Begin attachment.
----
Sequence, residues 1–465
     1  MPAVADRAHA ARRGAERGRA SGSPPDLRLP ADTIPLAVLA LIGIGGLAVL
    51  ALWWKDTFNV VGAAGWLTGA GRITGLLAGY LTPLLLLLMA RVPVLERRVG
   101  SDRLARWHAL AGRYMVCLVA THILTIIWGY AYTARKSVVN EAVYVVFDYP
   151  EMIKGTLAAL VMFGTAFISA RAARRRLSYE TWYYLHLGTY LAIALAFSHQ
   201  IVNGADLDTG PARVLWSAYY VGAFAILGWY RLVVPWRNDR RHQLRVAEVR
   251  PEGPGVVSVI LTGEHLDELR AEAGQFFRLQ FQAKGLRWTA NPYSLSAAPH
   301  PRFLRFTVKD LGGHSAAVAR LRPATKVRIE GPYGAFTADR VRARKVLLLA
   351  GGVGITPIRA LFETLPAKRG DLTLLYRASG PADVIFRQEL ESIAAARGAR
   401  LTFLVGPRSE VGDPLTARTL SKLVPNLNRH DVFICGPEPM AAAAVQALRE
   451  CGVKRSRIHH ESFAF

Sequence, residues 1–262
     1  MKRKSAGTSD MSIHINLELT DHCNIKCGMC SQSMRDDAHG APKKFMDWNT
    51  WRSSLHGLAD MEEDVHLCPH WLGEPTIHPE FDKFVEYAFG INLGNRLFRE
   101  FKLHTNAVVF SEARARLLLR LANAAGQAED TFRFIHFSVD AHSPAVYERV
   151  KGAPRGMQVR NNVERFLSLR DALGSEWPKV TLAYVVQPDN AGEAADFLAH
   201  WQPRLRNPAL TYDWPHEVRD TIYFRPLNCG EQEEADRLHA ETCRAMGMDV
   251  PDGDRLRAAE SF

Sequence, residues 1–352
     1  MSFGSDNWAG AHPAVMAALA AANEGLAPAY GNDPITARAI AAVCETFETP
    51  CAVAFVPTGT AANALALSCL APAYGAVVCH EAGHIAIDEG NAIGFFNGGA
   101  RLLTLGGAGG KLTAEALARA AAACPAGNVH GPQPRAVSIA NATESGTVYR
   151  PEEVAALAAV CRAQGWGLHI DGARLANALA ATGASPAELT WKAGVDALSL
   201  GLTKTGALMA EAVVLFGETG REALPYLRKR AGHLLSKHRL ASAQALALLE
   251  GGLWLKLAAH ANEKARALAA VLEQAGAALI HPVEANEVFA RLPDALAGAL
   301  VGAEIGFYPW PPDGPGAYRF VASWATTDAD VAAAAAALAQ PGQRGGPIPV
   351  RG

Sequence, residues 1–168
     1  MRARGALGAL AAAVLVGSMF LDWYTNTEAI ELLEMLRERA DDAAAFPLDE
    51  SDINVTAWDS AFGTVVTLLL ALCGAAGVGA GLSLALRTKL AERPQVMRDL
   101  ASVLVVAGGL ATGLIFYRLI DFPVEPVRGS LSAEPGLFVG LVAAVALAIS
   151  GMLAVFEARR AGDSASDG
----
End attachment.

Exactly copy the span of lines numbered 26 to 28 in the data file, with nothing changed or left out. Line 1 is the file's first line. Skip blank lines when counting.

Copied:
   301  VGAEIGFYPW PPDGPGAYRF VASWATTDAD VAAAAAALAQ PGQRGGPIPV
   351  RG

Sequence, residues 1–168